Soumitra Saikia, J.1. Mr. S.S. Sharma, learned senior counsel represents the appellants, State Bank of India and Mr. L.R. Mazumder, learned counsel represents the respondent.2. This appeal is preferred by the State Bank of India being aggrieved by the impugned order, dated 11-12-2018, passed in WP(C) No. 3683/2016. The appellant is aggrieved by the direction of the learned Single Judge to the appellant Bank to grant the benefit of Ex-gratia payment subject to fulfillment of the conditions mentioned in paragraph 14 of the Scheme for Compassionate Appointment, which is applicable to employees, who die-in-harness on or after 04-08-2005.3. The respondent is the brother of late Naba Kumar Gupta, who during his service as a Cashier-cum-Clerk in Arunachal Branch of State Bank of India at the age of 28 years committed suicide, on 04-01-2003. The deceased employee left behind his mother Smt. Smriti Gupta and the petitioner, who is the younger brother of the deceased.4. Soon after the death of his brother, the respondent applied to the appellant/Bank seeking employment on compassionate ground under the die-in-harness scheme. The respondent claimed to be a dependent of the deceased employee under the "die-in-harness" scheme. The appellant/Bank withdrew the earlier Scheme for Compassionate Appointment and in lieu thereof, a Scheme for payment of Ex-gratia lump sum was introduced with effect from 04-08-2005 and requested the respondent-petitioner vide Communication dated 27-03- 2007 to submit application in prescribed format accordingly.5. The petitioner was aggrieved by the aforesaid Communication in view of the fact that at the time of submission of his application dated 16-01-2003 seeking compassionate appointment during the subsistence of the earlier Scheme, the payment of Ex-gratia lump sum amount under the new Scheme was not applicable to him. He, therefore, approached this Court by filing WP(C) No. 2769/2007 with a prayer to issue a direction to appoint him to a suitable post in accordance with the Scheme for Compassionate Appointment. The appellant Bank contested the writ petition by filing their affidavit-in-opposition wherein they pointed out that the mother of the petitioner was receiving SBI family pension from Silchar Branch amounting to Rs.2611/- in January, 2003 and another pension @ Rs.5751/- per month from the Department of BSNL and that she has property worth Rs.10 Lakhs.6. The Hon'ble Court by order, dated 06-08-2013, passed in WP(C) No. 2769/2007, disposed of the writ petition. It was observed by the learned Single Judge that the relief claimed by the petitioner in the writ petition can no longer be granted. However, in view of the fact that the petitioner has the option to claim lump sum payment in lieu of compassionate appointment under the (new) Scheme. The learned Single Judge directed the petitioner to file fresh application as per the prescribed form to the respondent Bank for the admissible lump sum payment in lieu of compassionate appointment within a period of one month from the date of the order. The Bank was also directed to consider the application on merit and take a decision thereon in accordance with law, within a period of four weeks thereafter.7. No appeal was preferred against the order dated 06-08-2013. Rather, in deference to the order dated 06-08-2013 passed in WP(C) No. 2769/2007 the respondent preferred an application on 06-09-2013 to the appellant/Bank.8. The appellant/Bank, by communication dated 16-01-2014, informed the respondentpetitioner that theapplication for payment of Ex-gratia lump sum amount is being returned by the Controlling Office of the appellant Bank with a reason that payment of Ex-gratia lump sum amount is payable to the family members of the employee, who died on or after 04-08- 2005. It was informed that since the respondent's late brother expired on 04-01-2003 and as such, the applicant, namely, the respondent-petitioner is not eligible for any such payment. The respondent being aggrieved as the petitioner filed yet another writ petition being WP(C) No. 3683/2016 with the following prayer:" .. Respondent Authorities to provide Ex-Gratia Lump-sum payment to the petitioner on account of the death of the petitioner's brother in terms of the relevant Scheme which the Respondent Bank may be directed to produce and after hearing the parties, be further pleased to make the Rule absolute and/or pass such further or other Order(s) as Your Lordships may deem fit and proper."9. The appellant Bank contested the writ petition. In its affidavit-in-opposition, the appellant stated that the deceased employee, Late Naba Kr. Gupta, who was the brother of the present petitioner, was also appointed on compassionate ground on the premature retirement of their father Late Pranab Bhushan Gupta, by suppressing the fact that their mother was gainfully employed and that the family was not living in penury or financial distress. It was also stated that at the time of the death of the brother of the petitioner, the mother was drawing family pension from the SBI and also pension from BSNL, besides having landed property. The relevant paras are extracted below:"5. That I submit that to get a job in the Bank is not a heritable right and say that on the premature retirement of late Pranab Bhushan Gupta on medical grounds his son, late Naba Kumar Gupta, who was the brother of the petitioner was given appointment on compassionate ground, and subsequently it came to the notice of the Bank that he got the appointment by suppressing the fact that his mother was gainfully employed and hence his family was not living in penury or in financial distress since his mother Smt. Smriti Gupta being an employee of Central government was earning at the time of retirement of his father, the family had received adequate amount in the form of gratuity, provident fund and other terminal benefits and hence the financial condition was not so bad so as to justify appointment of Naba Kumar Gupta on compassionate grounds. Hence I state that he i.e. Naba Kumar Gupta got the appointment on compassionate ground by suppression of aforesaid facts viz, his mother being gainfully employed, have a valuable piece of landed property and the financial condition of the family was not penurious.6. That be that it may, now upon unfortunate death of late Naba Kumar Gupta (who committed suicide), the petitioner made a request for his appointment on compassionate ground in place of his brother, as if the job held by his father was a heritable one and was initially inherited by his elder brother and after the death of elder brother, the right to hold the job in SBI devolved upon him. I submit that at the time of death of Naba Kumar Gupta on 4th January, 2003 his mother was not only receiving SBI family pension of 2611/- per month but also was getting pension from the depart of BSNL (Central Government) @ Rs.5751/- per month making a total of Rs.8362/- (the total family monthly income as on the date of death), which presently are even more. Besides the pension, as indicated above the value of landed property held by the family have also appreciated and hence the family's financial condition is not in a bad shape so as to require compassionate appointment.* * *9. That I do not dispute the averments made in para 5, that at the time of death of Naba Kumar Gupta, upon whose death the compassionate appointment was sought, the petitioner was HSSLC pass and was having knowledge of typing but the statement made by him that at that time the monthly income of the family from all sources was Rs.2611/- (the family pension on the death of his father) was made falsely since his mother at that time was also getting pension from BSNL, besides which the family had already received sufficient funds by way of terminal benefits payable on the services of his father. I say that as such, the claim that the family on 16.01.2003 had monthly income of Rs.2611/- only from all sources is a white lie and factually incorrect."10. The learned Single Judge referred to paragraph 14 of the Scheme and held that it allows payment of Ex-gratia to those whose application for compassionate appointment was pending at the time of implementing of the Scheme. Accordingly, the writ petition was allowed directing the appellant Bank to grant the benefit of Ex-gratia payment subject to fulfillment of the conditions mentioned therein.11. We have heard the learned counsel for the parties and have noted the rival contentions. We have also perused the pleadings available on record.12. Before proceeding further in the matter, it will be apposite to refer to the relevant provisions of the Scheme for Compassionate Appointment. Under the erstwhile Scheme for Compassionate Appointment, which came into force on 01-01-1979 under paragraph 17.5(g) the definition of "Dependent" included the brother or a sister in case of unmarried employee. It was further provided at paragraph 7.13 of the said Scheme that determination of the financial condition of the family is an important criterion for deciding the proposals for compassionate appointment. The factors, which were enumerated under paragraph 7.13, should be taken into account for determining the financial condition of the family13. The said Scheme came to be replaced by an another Scheme namely, "The Scheme for Payment of Ex-Gratia Lumpsum Amount payment in lieu of Appointment on Compassionate Grounds in State Bank of India". The new Scheme has come into effect from 04-08-2005 is evident from the communication dated 04-08-2005. Under the said Scheme the definition of family provided at paragraph 4 (i) is as under:-"Family" / Dependents: dependents or the "family" mean and include spouse, wholly dependent children (son, including legally adopted son/unmarried daughter including legally adopted unmarried daughter). In the case of unmarried employee, parents who are wholly dependent on the employee will constitute "family."14. The Bank under the Scheme, before granting any benefits, is required to take into consideration the financial condition of the family as stipulated in paragraph 9. The same is extracted herein below:-"FINANCIAL CONDITION OF THE FAMILY:A) The following sources of income/liabilities of the family of the deceased/retired employees shall be taken into account for determining financial condition of the family:i) Pension including family pension, if anyii) Terminal benefits like gratuity, encashment of leave, employees and exployer contribution to provident fund etc.iii) Compensation/amount paid by the Bank or Bank's Mutual Fund.iv) Proceeds of LIC/any other company's life or other (with accident) insurance policies.v) Investments/deposits in SBI or other organizations like public sector banks/other banks/post offices/mutual funds etc. and income therefrom.vi) Income of dependents from rent, employment, profession or vocation or any other source.vii) Movable assets and immovable property (including agricultural land, groves etc.) and income therefrom.viii) Loans taken from the Bank, other dues payable to the Bank and/or other financial institutions with the prior approval of the Bank.ix) Any other income of the family.Note: Compensation paid under clause 9A (iii) above will not include the following compensations circulated vide our Circular no. CDO/PM/CIR/46 dated 17.07.2002:(a) The compensation paid to employees based on Government's guidelines in the event of death/disability/serious injury suffered by the employee while on duty as per scheme 1,(b) Compensation paid to employees who are killed/injured in dacoities/robberies/terrorist attack and rewards introduced under Government of India's guidelines as per Scheme II , and(c) Monetary compensation paid to Award employees such as watch & ward staff, drivers and electricians under Workmen Compensation Act, 1923."15. From a conjoint reading of both the provisions, it is seen that under the 2005 scheme, in case of an unmarried employee, parents who are wholly dependent on the employee will constitute "family". But unlike the 1979 Scheme, it does not include brother/sister in case of an unmarried employee. The financial condition required for a family to be included within the zone of consideration for benefits under the scheme has remained the same.16. The law relating to appointment under compassion Scheme has long been settled by the Hon'ble Supreme Court, in the case of Umesh Kumar Nagpal -Vs- State of Haryana and Ors., (1994) 4 SCC 138 . The Apex Court held as follows:"The whole object of granting compassionate employment is to enable the family to tide over the sudden crisis. The object is not to give a member of such family a post much less a post for post held by the deceased. What is further, mere death of an employee in harness does not entitle his family to such source of livelihood. The Government or the public authority concerned has to examine the financial condition of the family of the deceased, and it is only if it is satisfied, that but for the provision of employment, the family will not be able to meet the crisis that a job is to be offered to the eligible member of the family. The posts in Classes III and IV are the lowest posts in non-manual and manual categories and hence they alone can be offered on compassionate grounds, the object being to relieve the family, of the financial destitution and to help it get over the emergency."17. This law laid down by the Apex Court has subsequently been followed in several other judgments. In the case of M/s Eastern Coalfields Ltd. -Vs- Anil Badyakar & Ors., (2009) 13 SCC 112 , The Hon'ble Supreme Court culled out the law relating to compassionate appointment and has held that compassionate appointment is not a vested right which can be exercised at any time in the future. The compassionate employment cannot be claimed and offered after a lapse of time and after the crisis is over. The relevant paragraphs are extracted as under:-"7. So far as the question of nature and object of appointment on compassionate ground, it is relevant to take note of what is stated by this Court in Umesh Kumar Nagpal v. State of Haryana, (1994) 4 SCC 138 : 1994 SCC (L&S) 930 : (1994) 27 ATC 537] : (SCC p. 141, para 6)"6. the compassionate employment cannot be granted after a lapse of a reasonable period which must be specified in the rules. The consideration for such employment is not a vested right which can be exercised at any time in future. The object being to enable the family to get over the financial crisis which it faces at the time of the death of the sole breadwinner, the compassionate employment cannot be claimed and offered whatever the lapse of time and after the crisis is over."8. In Jagdish Prasad v. State of Bihar, (1996) 1 SCC 301 : 1996 SCC (L&S) 303 : (1996) 32 ATC 238] it was observed that: (SCC p. 302, para 3)"3. The very object of appointment of a dependant of the deceased employees who die in harness is to relieve unexpected immediate hardship and distress caused to the family by sudden demise of the earning member of the family."9. In MMTC Ltd. v. Pramoda Dei, (1997) 11 SCC 390 : 1998 SCC (L&S) 167] it is observed by the Court: (SCC p. 393, para 4)"4. As pointed out by this Court, the object of compassionate appointment is to enable the penurious family of the deceased employee to tide over the sudden financial crisis and not to provide employment and that mere death of an employee does not entitle his family to compassionate appointment."10. In S. Mohan v. Govt. of T. N., (1998) 9 SCC 485 : 1998 SCC (L&S) 1231] the Court stated that: (SCC p. 487, para 4)"4. The object being to enable the family to get over the financial crisis which it faces at the time of the death of the sole breadwinner, the compassionate employment cannot be claimed and offered whatever the lapse of time and after the crisis is over."11. This Court has observed in Director of Education (Secondary) v. Pushpendra Kumar, (1998) 5 SCC 192 : 1998 SCC (L&S) 1302] : (SCC pp. 199-200, para 8)"8. The object underlying a provision for grant of compassionate employment is to enable the family of the deceased employee to tide over the sudden crisis resulting due to death of the bread-earner which has left the family in penury and without any means of livelihood. Out of pure humanitarian consideration and having regard to the fact that unless some source of livelihood is provided, the family would not be able to make both ends meet, a provision is made for giving gainful appointment to one of the dependants of the deceased who may be eligible for such appointment. Such a provision makes a departure from the general provisions providing for appointment on the post by following a particular procedure. Since such a provision enables appointment being made without following the said procedure, it is in the nature of an exception to the general provisions. An exception cannot subsume the main provision to which it is an exception and thereby nullify the main provision by taking away completely the right conferred by the main provision. Care has, therefore, to be taken that a provision for grant of compassionate employment, which is in the nature of an exception to the general provisions, does not unduly interfere with the right of other persons who are eligible for appointment to seek employment against the post which would have been available to them, but for the provision enabling appointment being made on compassionate grounds of the dependant of a deceased employee. In Umesh Kumar Nagpal v. State of Haryana, (1994) 4 SCC 138 : 1994 SCC (L&S) 930 : (1994) 27 ATC 537] this Court has taken note of the object underlying the rules providing for appointment on compassionate grounds and has held that the Government or the public authority concerned has to examine the financial condition of the family of the deceased and it is only if it is satisfied, that but for the provision of employment, the family will not be able to meet the crisis that a job is to be offered to the eligible member of the family."12. In Sanjay Kumar v. State of Bihar, (2000) 7 SCC 192 : 2000 SCC (L&S) 895] the Court has stated that: (SCC p. 194, para 3)"3. This Court has held in a number of cases that compassionate appointment is intended to enable the family of the deceased employee to tide over sudden crisis resulting due to death of the bread earner who had left the family in penury and without any means of livelihood."13. In Punjab National Bank v. Ashwini Kumar Taneja, (2004) 7 SCC 265 : 2004 SCC (L&S) 938] it was observed by the Court that: (SCC p. 268, para 4) "4. It is to be seen that the appointment on compassionate ground is not a source of recruitment but merely an exception to the requirement regarding appointments being made on open invitation of application on merits. Basic intention is that on the death of the employee concerned his family is not deprived of the means of livelihood. The object is to enable the family to get over sudden financial crisis."14. Insofar as delay in approaching the authorities for such appointment is considered by this Court in Union of India v. Bhagwan Singh, (1995) 6 SCC 476 : 1996 SCC (L&S) 33 : (1995) 31 ATC 736] , it was held as follows: (SCC p. 480, para 8)"8. It is evident, that the facts in this case point out, that the plea for compassionate employment is not to enable the family to tide over the sudden crisis or distress which resulted as early as September 1972. At the time Ram Singh died on 12-9-1972 there were two major sons and the mother of the children who were apparently capable of meeting the needs in the family and so they did not apply for any job on compassionate grounds. For nearly 20 years, the family has pulled on, apparently without any difficulty. In this background, we are of the view that the Central Administrative Tribunal acted illegally and wholly without jurisdiction in directing the authorities to consider the case of the respondent for appointment on compassionate grounds and to provide him with an appointment, if he is found suitable."15. In Haryana SEB v. Naresh Tanwar, (1996) 8 SCC 23 : 1996 SCC (L&S) 816] it was stated that: (SCC p. 26, para 9)"9. It has been indicated in the decision of Umesh Kumar Nagpal, (1994) 4 SCC 138 : 1994 SCC (L&S) 930 : (1994) 27 ATC 537] that compassionate appointment cannot be granted after a long lapse of reasonable period and the very purpose of compassionate appointment, as an exception to the general rule of open recruitment, is intended to meet the immediate financial problem being suffered by the members of the family of the deceased employee. In the other decision of this Court in Jagdish Prasad case, (1996) 1 SCC 301 : 1996 SCC (L&S) 303 : (1996) 32 ATC 238] , it has been also indicated that the very object of appointment of dependant of deceased employee who died in harness is to relieve immediate hardship and distress caused to the family by sudden demise of the earning member of the family and such consideration cannot be kept binding for years." (emphasis in original)16. In State of U.P. v. Paras Nath, (1998) 2 SCC 412 : 1998 SCC (L&S) 570] the Court has held that: (SCC p. 414, para 5)"5. The purpose of providing employment to a dependant of a government servant dying in harness in preference to anybody else, is to mitigate the hardship caused to the family of the employee on account of his unexpected death while still in service. To alleviate the distress of the family, such appointments are permissible on compassionate grounds provided there are rules providing for such appointment. The purpose is to provide immediate financial assistance to the family of a deceased government servant. None of these considerations can operate when the application is made after a long period of time such as seventeen years in the present case."17. In Haryana SEB v. Krishna Devi, (2002) 10 SCC 246 : 2003 SCC (L&S) 248] the Court has observed that: (SCC p. 247, para 7)"7. As the application for employment of her son on compassionate ground was made by the respondent after eight years of death of her husband, we are of the opinion that it was not to meet the immediate financial need of the family. The High Court did not consider the position of law and allowed the writ petition relying on an earlier decision of the High Court."18. In National Hydroelectric Power Corpn. v. Nanak Chand, (2004) 12 SCC 487 : 2005 SCC (L&S) 357] the Court has stated that: (SCC p. 490, para 5)"5. It is to be seen that the appointment on compassionate ground is not a source of recruitment but merely an exception to the requirement regarding appointments being made on open invitation of application on merits. Basic intention is that on the death of the employee concerned his family is not deprived of the means of livelihood. The object is to enable the family to get over sudden financial crises."19. In State of J&K v. Sajad Ahmed Mir, (2006) 5 SCC 766 : 2006 SCC (L&S) 1195] the Court has held that: (SCC pp. 770-71, para 11)"11. Normally, an employment in the Government or other public sectors should be open to all eligible candidates who can come forward to apply and compete with each other. It is in consonance with Article 14 of the Constitution. On the basis of competitive merits, an appointment should be made to public office. This general rule should not be departed from except where compelling circumstances demand, such as, death of the sole breadwinner and likelihood of the family suffering because of the setback. Once it is proved that in spite of the death of the breadwinner, the family survived and substantial period is over, there is no necessity to say 'goodbye' to the normal rule of appointment and to show favour to one at the cost of the interests of several others ignoring the mandate of Article 14 of the Constitution."18. Similarly in the case of MGB Gramin Bank, (2014) 13 SCC 583 has also explained the meaning of "Vested Right" and has held that unless an accrued/vested Right has been decided by a party, the policy could be changed. The relevant paragraphs are extracted as under:-"6. Every appointment to public office must be made by strictly adhering to the mandatory requirements of Articles 14 and 16 of the Constitution. An exception by providing employment on compassionate grounds has been carved out in order to remove the financial constraints on the bereaved family, which has lost its breadearner. Mere death of a government employee in harness does not entitle the family to claim compassionate employment. The competent authority has to examine the financial condition of the family of the deceased employee and it is only if it is satisfied that without providing employment, the family will not be able to meet the crisis, that a job is to be offered to the eligible member of the family. More so, the person claiming such appointment must possess required eligibility for the post. The consistent view that has been taken by the Court is that compassionate employment cannot be claimed as a matter of right, as it is not a vested right. The Court should not stretch the provision by liberal interpretation beyond permissible limits on humanitarian grounds. Such appointment should, therefore, be provided immediately to redeem the family in distress. It is improper to keep such a case pending for years.7. In Umesh Kumar Nagpal v. State of Haryana, (1994) 4 SCC 138: 1994 SCC (L&S) 930 : (1994) 27 ATC 537] this Court has considered the nature of the right which a dependant can claim while seeking employment on compassionate ground. The Court observed as under: (SCC pp. 140-41, paras 2, 4 & 6)"2. The whole object of granting compassionate employment is thus to enable the family to tide over the sudden crisis. The object is not to give a member of such family a post much less a post for the post held by the deceased. The exception to the rule made in favour of the family of the deceased employee is in consideration of the services rendered by him and the legitimate expectations, and the change in the status and affairs, of the family engendered by the erstwhile employment which are suddenly upturned.4. The only ground which can justify compassionate employment is the penurious condition of the deceased's family.* * *6. The consideration for such employment is not a vested right . The object being to enable the family to get over the financial crisis ." (emphasis added)8. An "ameliorating relief" should not be taken as opening an alternative mode of recruitment to public employment. Furthermore, an application made at a belated stage cannot be entertained for the reason that by lapse of time, the purpose of making such appointment stands evaporated.9. The courts and the tribunals cannot confer benediction impelled by sympathetic considerations to make appointments on compassionate grounds when the regulation framed in respect thereof did not cover and contemplate such appointments.11. The word "vested" is defined in Black's Law Dictionary (6th Edn.) at p. 1563, as:"Vested.-fixed; accrued; settled; absolute; complete. Having the character or given in the rights of absolute ownership; not contingent; not subject to be defeated by a condition precedent. Rights are 'vested' when right to enjoyment, present or prospective, has become property of some particular person or persons as present interest; mere expectancy of future benefits, or contingent interest in property founded on anticipated continuance of existing laws, does not constitute 'vested rights'."12. In Webster's Comprehensive Dictionary (International Edition) at p. 1397, "vested" is defined as law held by a tenure subject to no contingency; complete; established by law as a permanent right; vested interest. (Vide Bibi Sayeeda v. State of Bihar, (1996) 9 SCC 516 : AIR 1996 SC 1936] and J.S. Yadav v. State of U. P., (2011) 6 SCC 570 : (2011) 2 SCC (L&S) 140] )13. Thus, vested right is a right independent of any contingency and it cannot be taken away without consent of the person concerned. Vested right can arise from contract, statute or by operation of law. Unless an accrued or vested right has been derived by a party, the policy decision/scheme could be changed. [Vide Kuldeep Singh v. Govt. (NCT of Delhi)., (2006) 5 SCC 702 : AIR 2006 SC 2652] .19. In view of the law laid down, it is mandatory for the authority/employer to consider the hardship and the financial condition faced by the applicant for appointment/compensation under the die-in-harness scheme. It is not in dispute that as evident from the affidavits filed before the learned Single Judge, the mother of the petitioner was receiving SBI family pension from Silchar Branch amount to Rs. 2611/- in January 2003 and another pension @ Rs.5751/- per month from the Department of BSNL and it is also pleaded by the appellants that the mother is owning a house at Tarani Road, Rangirkhari, Silchar worth Rs.10 Lakhs.20. The respondent has not been able to dispute the facts pleaded by the appellant before the learned Single Judge. It has also not been explained by the petitioner as to how he has been surviving/earning his livelihood without any gainful employment since after 04-01-2003, i.e., after the death of his brother. The appellant Bank has instead pleaded that the respondent and his mother were receiving Rs.30,008/- per month as pension and the credit balance in both accounts as on 24-08-2018 are Rs.1,15,656.70/- and Rs.3,37,353.85/- respectively.21. In terms of the law laid down by the Hon'ble Supreme Court as well as the Scheme which was prepared in terms of the law laid down by the Hon'ble Supreme Court, the purpose for appointment/compensation in cases of death-in-harness is to permit the immediate family members some avenue to tide over the hard financial conditions that may fall on the legal heirs/family members immediately after a person dies-in-harness. Under such circumstances, the employer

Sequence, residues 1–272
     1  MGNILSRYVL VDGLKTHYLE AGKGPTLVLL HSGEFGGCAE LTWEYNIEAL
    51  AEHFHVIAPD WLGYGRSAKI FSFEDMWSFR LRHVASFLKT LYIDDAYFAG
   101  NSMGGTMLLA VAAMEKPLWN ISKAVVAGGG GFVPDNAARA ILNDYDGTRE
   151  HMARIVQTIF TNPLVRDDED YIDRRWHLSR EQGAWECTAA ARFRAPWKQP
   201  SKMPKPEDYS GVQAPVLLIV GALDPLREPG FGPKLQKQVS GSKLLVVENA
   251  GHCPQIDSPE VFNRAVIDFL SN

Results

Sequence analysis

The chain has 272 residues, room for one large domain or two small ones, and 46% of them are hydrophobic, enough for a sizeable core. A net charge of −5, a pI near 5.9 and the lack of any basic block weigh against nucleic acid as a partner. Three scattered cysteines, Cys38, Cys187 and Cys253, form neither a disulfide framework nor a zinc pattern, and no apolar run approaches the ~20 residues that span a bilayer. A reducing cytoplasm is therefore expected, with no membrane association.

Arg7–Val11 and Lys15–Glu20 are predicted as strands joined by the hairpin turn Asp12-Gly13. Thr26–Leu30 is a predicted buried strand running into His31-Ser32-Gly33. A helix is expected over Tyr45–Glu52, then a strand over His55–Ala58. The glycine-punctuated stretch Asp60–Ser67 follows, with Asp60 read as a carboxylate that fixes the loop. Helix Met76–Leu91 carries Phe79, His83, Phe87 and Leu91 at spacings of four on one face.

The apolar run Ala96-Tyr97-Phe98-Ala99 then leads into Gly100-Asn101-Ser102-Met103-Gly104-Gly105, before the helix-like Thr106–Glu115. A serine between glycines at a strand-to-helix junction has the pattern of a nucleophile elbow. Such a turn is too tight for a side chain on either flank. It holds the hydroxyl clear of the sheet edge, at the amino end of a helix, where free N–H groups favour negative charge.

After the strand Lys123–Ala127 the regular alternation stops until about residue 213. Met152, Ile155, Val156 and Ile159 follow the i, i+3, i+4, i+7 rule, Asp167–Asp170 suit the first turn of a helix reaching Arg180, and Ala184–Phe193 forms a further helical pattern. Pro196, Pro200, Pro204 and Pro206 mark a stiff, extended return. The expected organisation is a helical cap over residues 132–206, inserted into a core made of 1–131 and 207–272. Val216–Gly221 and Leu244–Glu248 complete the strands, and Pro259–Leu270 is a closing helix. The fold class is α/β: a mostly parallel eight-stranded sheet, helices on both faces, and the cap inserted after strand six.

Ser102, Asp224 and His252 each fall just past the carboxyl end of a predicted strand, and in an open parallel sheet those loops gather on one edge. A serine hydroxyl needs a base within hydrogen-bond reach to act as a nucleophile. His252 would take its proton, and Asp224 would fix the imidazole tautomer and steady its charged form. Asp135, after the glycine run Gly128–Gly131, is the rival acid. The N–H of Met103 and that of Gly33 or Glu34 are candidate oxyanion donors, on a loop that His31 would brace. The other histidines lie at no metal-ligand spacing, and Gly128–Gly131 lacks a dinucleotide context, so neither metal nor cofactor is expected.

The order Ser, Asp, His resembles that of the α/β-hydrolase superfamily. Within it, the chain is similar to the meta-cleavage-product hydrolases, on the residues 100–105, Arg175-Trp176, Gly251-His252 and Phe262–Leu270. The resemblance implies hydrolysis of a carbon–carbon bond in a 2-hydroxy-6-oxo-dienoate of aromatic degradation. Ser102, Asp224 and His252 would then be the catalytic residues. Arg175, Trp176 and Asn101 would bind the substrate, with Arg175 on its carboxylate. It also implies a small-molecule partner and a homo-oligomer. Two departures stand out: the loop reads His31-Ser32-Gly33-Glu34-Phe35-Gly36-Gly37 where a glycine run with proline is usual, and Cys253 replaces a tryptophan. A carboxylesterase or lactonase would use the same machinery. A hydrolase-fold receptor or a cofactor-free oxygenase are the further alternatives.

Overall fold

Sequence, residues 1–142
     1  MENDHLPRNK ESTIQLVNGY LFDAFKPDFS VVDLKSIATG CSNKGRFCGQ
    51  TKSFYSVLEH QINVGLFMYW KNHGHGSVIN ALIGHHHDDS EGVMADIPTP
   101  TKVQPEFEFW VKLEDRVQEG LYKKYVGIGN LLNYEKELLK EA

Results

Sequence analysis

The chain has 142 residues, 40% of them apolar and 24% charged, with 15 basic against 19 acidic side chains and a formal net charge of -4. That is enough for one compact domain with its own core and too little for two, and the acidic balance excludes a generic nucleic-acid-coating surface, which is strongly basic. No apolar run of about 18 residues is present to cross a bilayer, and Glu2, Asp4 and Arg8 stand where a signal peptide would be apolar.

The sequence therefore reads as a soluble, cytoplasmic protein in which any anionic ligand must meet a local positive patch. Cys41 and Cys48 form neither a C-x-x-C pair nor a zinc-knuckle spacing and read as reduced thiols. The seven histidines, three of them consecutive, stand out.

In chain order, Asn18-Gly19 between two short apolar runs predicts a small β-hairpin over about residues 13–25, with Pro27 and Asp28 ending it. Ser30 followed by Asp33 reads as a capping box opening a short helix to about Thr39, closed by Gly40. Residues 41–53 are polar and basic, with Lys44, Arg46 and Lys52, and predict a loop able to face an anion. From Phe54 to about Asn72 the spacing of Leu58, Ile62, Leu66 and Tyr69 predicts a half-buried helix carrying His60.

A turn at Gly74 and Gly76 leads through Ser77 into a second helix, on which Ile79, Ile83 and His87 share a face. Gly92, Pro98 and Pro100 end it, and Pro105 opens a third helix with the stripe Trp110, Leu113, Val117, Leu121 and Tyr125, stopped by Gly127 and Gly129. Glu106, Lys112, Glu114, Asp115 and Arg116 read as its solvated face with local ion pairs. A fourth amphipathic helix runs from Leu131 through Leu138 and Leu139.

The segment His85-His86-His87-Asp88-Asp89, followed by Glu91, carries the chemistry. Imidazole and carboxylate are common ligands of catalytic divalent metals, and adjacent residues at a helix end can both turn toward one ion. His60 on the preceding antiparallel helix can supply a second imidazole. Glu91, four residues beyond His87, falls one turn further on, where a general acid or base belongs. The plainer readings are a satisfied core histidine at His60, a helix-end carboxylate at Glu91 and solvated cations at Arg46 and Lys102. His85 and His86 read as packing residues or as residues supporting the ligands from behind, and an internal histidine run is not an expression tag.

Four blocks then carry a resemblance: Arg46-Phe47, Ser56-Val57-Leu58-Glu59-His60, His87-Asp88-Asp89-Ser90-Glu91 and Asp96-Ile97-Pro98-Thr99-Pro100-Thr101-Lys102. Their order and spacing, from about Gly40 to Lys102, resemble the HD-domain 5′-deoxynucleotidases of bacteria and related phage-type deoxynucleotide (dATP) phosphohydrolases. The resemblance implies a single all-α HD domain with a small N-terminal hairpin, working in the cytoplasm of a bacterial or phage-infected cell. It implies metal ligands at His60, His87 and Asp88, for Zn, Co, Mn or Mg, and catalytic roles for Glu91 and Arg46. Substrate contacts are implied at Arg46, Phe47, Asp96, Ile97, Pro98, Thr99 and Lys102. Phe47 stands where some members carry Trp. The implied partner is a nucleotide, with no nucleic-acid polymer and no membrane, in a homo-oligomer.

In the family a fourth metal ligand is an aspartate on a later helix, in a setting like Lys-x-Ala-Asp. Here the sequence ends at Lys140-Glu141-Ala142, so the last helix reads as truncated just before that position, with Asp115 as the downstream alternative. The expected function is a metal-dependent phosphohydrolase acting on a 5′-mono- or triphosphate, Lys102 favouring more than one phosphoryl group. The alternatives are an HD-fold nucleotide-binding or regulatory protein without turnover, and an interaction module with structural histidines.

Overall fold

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is required to examine the various parameters including the financial hardship that are likely to be faced by the family members of a person who dies-in-harness and then take a suitable call as to whether any order for any compensation is required to be made under the "die-in-harness" Scheme. No vested/accrued right is available to the petitioner under the scheme.22. In the facts of the present case, the appellant SBI had already taken the decision that there was no financial hardship faced by the respondent and had categorically come to a finding that the respondent-petitioner was not eligible for any such payment under the 2005 Scheme. The learned Single Judge failed to appreciate that the appellant Bank authorities had examined the matter and have considered the application as per the terms and conditions of the Scheme and it had found the respondent/petitioner not suitable for grant of any relief under the said Scheme. It is not the case of the respondent/petitioner that the facts pleaded by the appellant Bank are incorrect or not based on correct information. The learned Single Judge failed to notice that this Court in the earlier record of proceedings in its order dated 06- 08-2013 passed in WP(C) No. 2769/2007, categorically observed that the relief prayed for by the petitioner cannot be granted but while disposing of the said writ petition, granted liberty to petitioner (respondent herein) to file fresh application as per the prescribed form under the new Scheme. The respondent, as the petitioner, accepted the order dated 06-08-2013 and in terms of the said order passed in WP(C) No. 2769/2007, preferred the application for compensation in lieu of compassionate appointment. No appeal was filed against the order dated 06-08-2013. The application was duly considered by the appellant Bank and found not admissible. The benefit under Clause 14 to an applicant will be available when any application had been submitted and was pending on the date the new Scheme is approved by the Executive Committee and which will be dealt with according to the new Scheme. In that view of the matter, the order dated 06-08-2013 passed in WP(C) No. 2769/2007 having attained finality, the benefit of Clause 14 cannot be available to the respondent/petitioner. As such, the provisions of Clause 14 cannot be invoked or made applicable to the facts of the present case. Such interpretation by the learned Single Judge is erroneous and cannot be sustained in law.23. There is another aspect of the matter. As per Clause 4 (i) of the Scheme extracted in Para 13 hereinabove, 'family' does not include brother of the employee who died in harness. The respondent writ petitioner being the brother is not even eligible to claim benefit of the Scheme. In such circumstances also no relief is admissible to the writ petitioner. This aspect of the matter not having been considered by learned Single Judge has also caused injustice and therefore also impugned order is liable to be set aside.24. Consequently, we find merit in the present appeal preferred by the appellant SBI and hold that the impugned order, dated 11-12-2018, passed by the learned Single Judge in WP(C) No. 3683/2016 is erroneous and the same is interfered and set aside.25. The appeal is allowed and the WP(C) No. 3683/2016 is dismissed.26. No order as to costs.